The Best and Worst Foods for Athletes

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What you put in your body can help propel you past the competition. Here's what to load up on and what to skip.

Between the energy needs created by training and their lean muscle mass, athletes require many calories — aka food — to keep their bodies functioning optimally for competition. To be ready for race or game day, pay attention to the quality of those calories.

The Best

If you’re an athlete, here are three foods you should stock up on:

  • Salmon. Salmon and its oily fish friends like mackerel and trout offer lean protein as well as omega-3 fatty acids. The omega-3s can help reduce inflammation in the body (which could otherwise have a negative impact on your performance). Stick to wild salmon over farmed whenever you can.
  • Nuts. A great source of both protein and healthy fat, nuts are easy to digest and filling. Plus, they can help balance out your blood sugar when paired with carbs.
  • Berries. The antioxidants and vitamins in berries can help protect against the oxidative stress that can occur in the body as a result of strenuous exercise. Eat your blackberries, blueberries and raspberries plain, add them to a salad or throw them in a blender with some cashew milk for a smoothie.

The Worst

These foods are major no-nos for serious competitors:

  • Sugar. Sure, you might be active enough to burn off the calories, but sugar remains a poor choice for overall health — especially if you’re trying to enhance your athletic performance. Stay away from sweet treats, sugar-laden cereals and, of course, soda. One 12-ounce can of Coke packs a sweet punch — 39 grams of added sugar and 140 calories — that will only slow you down. And while diet sodas may not have calories, their artificial sweeteners are a no-no for athletes, too. While we’re at it, sports drinks and fruit juices are also full of sugar, so stick with water as often as possible.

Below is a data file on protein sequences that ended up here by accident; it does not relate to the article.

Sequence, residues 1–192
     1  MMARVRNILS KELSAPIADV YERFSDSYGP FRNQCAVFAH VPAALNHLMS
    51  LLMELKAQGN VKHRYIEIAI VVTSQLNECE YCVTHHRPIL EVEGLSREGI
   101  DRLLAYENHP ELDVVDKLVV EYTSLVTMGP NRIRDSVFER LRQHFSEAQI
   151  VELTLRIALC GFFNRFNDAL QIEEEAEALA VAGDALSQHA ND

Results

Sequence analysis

• White breads and pastas. You probably hear about carb-loading before a big game or training day, but processed white flour has been stripped of any nutritional benefits. And because of its impact on insulin levels, you’re likely to experience an energy dip with these foods. Consider zucchini noodles for that pasta sauce, or look for whole-grain pastas and breads that can offer some fiber and vitamins.
  • Alcohol. Alcohol consumption can interfere with your performance, affect your reaction times and even increase your risk of injury.

Whether you’re training for a marathon, aiming for the Olympics or striving for peak performance for your own personal satisfaction, nutrition has an impact on your physique — and your performance. Start with these recommendations and keep track of how you perform with changes in your diet.

What’s Holding You Back?

The experts at Ochsner Performance Training provide everything from personalized nutrition plans to pro-level coaching to get you where you want to be — at the top. Start your free trial today

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